Dilaudid is a brand name version of the opioid painkiller, hydromorphone, a schedule II drug. Doctors prescribe it for the management of moderate to severe pain. It is available in several different forms, including injectable ampules, multi-dose vials, tablets, and suppositories. Like other schedule II opioids, Dilaudid has a high potential for addiction and abuse due to its desirable effects, such as relaxation and euphoria 1. Opioid abuse is so prevalent that in 2014, an estimated 4.3 million Americans abused painkillers, such as Dilaudid 2.
Long-term Dilaudid abuse can lead to tolerance, meaning that the user requires increasingly larger doses to get the effect they seek. Tolerance and attempts to overcome it may give rise to chronic patterns of hydromorphone abuse which will further contribute to the development of physical dependence and subsequent Dilaudid addiction. How long it takes to become physically dependent varies with each person, but it is nearly inevitable with any persistent Dilaudid use. When someone is physically dependent on an opioid like Dilaudid, they will experience withdrawal symptoms when they abruptly discontinue or reduce use. These withdrawal symptoms can be extremely unpleasant and distressing, which may lead the user to relapse in order to alleviate these symptoms.
Relapse is the most common complication of Dilaudid detox, and one of the most dangerous.
Withdrawal symptoms can occur any time prolonged use of Dilaudid is stopped or decreased. The length and severity of withdrawal symptoms will depend on several factors, including the person’s usual dose, mental health, and physical health. During drug detox, people with co-occurring mental health or medical issues may be at higher risk of experiencing withdrawal complications.
Relapse is the most common complication of Dilaudid detox and one of the most dangerous 5. Dilaudid tolerance, built up after long-term Dilaudid abuse, decreases substantially during detoxification. A lowered tolerance increases the risk of a fatal drug overdose. Medically-assisted detox programs can safely manage the symptoms of withdrawal and help people avoid relapse.
Dilaudid addiction is associated with similar withdrawal symptoms as other opioids, such as heroin and oxycodone. While not medically dangerous, detox symptoms can be highly unpleasant and cause intense discomfort. A medically-supervised detox program can help reduce discomfort and manage cravings. Untreated symptoms will gradually increase in severity before getting better.
Possible Dilaudid withdrawal symptoms include 3,6:
If you are experiencing withdrawal symptoms after using Dilaudid or are considering quitting use, we can help. Search through our directory to find detox and rehab options.
Everyone’s detoxification experience is different. Withdrawal symptoms can vary in terms of severity, time of onset, and duration. A person’s withdrawal symptoms can depend on the following factors:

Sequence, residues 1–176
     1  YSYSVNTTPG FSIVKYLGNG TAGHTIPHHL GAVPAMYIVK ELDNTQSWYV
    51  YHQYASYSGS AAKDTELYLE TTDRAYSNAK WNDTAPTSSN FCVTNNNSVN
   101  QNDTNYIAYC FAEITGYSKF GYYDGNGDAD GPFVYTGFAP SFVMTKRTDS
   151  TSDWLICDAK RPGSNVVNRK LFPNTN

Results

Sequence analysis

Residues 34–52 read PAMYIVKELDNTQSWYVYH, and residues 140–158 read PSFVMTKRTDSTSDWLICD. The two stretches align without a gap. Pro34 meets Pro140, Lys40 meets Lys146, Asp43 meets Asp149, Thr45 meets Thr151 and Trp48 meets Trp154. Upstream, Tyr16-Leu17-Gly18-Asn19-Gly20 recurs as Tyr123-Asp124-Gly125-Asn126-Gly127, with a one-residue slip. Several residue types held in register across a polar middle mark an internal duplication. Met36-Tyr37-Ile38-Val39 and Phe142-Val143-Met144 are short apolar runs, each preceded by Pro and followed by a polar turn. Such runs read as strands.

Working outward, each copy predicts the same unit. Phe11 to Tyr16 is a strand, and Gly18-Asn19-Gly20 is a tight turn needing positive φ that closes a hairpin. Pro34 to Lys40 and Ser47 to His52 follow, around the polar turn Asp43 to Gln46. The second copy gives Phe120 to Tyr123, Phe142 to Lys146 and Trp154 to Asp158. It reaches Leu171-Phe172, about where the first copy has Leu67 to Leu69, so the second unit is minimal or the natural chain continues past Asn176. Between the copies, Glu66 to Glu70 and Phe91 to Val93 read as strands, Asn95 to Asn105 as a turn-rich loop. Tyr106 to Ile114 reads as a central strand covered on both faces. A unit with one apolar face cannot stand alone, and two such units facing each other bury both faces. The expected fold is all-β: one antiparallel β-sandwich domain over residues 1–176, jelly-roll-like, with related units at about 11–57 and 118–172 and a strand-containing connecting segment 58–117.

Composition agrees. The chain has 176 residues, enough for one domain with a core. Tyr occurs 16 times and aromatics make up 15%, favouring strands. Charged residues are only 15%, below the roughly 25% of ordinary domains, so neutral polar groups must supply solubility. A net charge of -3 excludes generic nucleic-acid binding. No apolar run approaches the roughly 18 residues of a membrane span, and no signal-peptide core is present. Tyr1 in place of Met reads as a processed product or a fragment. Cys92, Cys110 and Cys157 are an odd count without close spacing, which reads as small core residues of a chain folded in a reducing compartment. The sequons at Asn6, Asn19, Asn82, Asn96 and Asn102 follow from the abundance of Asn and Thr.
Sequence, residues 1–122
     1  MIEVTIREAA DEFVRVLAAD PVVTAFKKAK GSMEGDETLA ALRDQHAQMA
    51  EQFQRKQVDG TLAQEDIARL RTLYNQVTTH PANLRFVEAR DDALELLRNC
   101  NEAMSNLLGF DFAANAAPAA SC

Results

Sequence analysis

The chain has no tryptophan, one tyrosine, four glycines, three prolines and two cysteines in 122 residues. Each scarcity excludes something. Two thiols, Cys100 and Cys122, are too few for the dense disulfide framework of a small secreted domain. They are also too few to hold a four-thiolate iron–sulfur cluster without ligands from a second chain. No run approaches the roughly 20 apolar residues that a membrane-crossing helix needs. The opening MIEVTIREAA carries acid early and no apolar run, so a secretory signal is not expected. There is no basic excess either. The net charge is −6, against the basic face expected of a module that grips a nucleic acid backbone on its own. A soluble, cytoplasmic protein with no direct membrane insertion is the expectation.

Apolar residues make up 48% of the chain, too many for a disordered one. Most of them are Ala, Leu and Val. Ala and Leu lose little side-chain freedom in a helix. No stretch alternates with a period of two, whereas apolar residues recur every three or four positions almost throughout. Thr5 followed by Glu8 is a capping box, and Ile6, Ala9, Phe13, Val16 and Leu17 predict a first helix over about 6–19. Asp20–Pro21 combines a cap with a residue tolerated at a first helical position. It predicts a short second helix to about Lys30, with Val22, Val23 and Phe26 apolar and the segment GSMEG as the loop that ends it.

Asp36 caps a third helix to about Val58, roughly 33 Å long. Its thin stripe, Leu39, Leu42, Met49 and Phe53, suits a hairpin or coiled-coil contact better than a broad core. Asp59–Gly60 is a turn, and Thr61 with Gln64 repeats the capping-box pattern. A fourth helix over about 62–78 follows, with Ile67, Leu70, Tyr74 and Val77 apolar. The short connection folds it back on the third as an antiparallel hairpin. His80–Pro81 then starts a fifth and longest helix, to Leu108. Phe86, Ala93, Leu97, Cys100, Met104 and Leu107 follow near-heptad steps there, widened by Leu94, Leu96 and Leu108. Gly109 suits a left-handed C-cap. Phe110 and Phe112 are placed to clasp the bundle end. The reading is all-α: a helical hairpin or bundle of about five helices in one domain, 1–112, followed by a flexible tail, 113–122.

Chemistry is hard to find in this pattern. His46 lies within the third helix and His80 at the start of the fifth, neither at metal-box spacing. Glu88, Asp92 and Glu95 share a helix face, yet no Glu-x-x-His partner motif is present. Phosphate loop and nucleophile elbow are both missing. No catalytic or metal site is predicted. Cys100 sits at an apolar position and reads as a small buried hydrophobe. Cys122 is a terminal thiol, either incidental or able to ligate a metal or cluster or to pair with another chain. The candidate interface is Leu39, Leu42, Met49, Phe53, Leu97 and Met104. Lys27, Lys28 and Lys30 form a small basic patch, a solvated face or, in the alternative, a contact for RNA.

Although Dilaudid withdrawal symptoms manifest differently in each person, there is a general timeline associated with opioid withdrawal. Dilaudid withdrawal typically begins within 6-12 hours after the last dose, peaks within 1-3 days, and resolves within a period of 5-7 days 6.
Opioid withdrawal is usually not life threatening, but complications can arise. It is possible (though rare) for severe vomiting and diarrhea to lead to dehydration or electrolyte imbalance. Clinicians treat these symptoms with oral fluids, like water and drinks containing electrolytes, but some people may require IV fluids 4.
People with pre-existing cardiac conditions or other medical disorders may find their symptoms aggravated by withdrawal, due to a rapid pulse and elevations in blood pressure. People with anxiety disorders, particularly panic disorders, may see their symptoms intensify during detox. Similarly, people with pain conditions are likely to experience increased pain during detoxification 4.
Is Inpatient Care Necessary?
Withdrawing from Dilaudid without the help of a hydromorphone detox program can be very difficult and the risk of relapse is high. Dilaudid abuse leads to drug tolerance, so at the point that someone attempts to quit, they often are regularly taking a high dose of the drug. After drug detox, tolerance significantly decreases. If a person takes the previously-used dose of Dilaudid after their tolerance has gone down, they may be more likely to experience a fatal opioid overdose due to pronounced respiratory depression. Clinicians advise seeking out medically-assisted detox rather than abruptly quitting Dilaudid independently 5. Medication helps people better navigate the acute withdrawal period by managing unpleasant symptoms and cravings that might otherwise drive them to a dangerous relapse.
Detox is the first step toward recovery from drug abuse. You could attempt to go through withdrawal on your own, but a professional detox program will help you avoid needless suffering. Several medications, such as methadone and buprenorphine, can help facilitate the Dilaudid detox process 5.
There are also several treatment settings to choose from. It is important to understand that going through detox is not a substitute for a comprehensive hydromorphone addiction treatment program, which can help you build the skills necessary to avoid relapse. Recovery is a long road that takes a lot of work, but finding a detox program is a good first step. Detoxification options include the following:
Are you considering a detox program? We can help. Our dedicated treatment advisors will help you understand the detox and treatment options that are appropriate for you.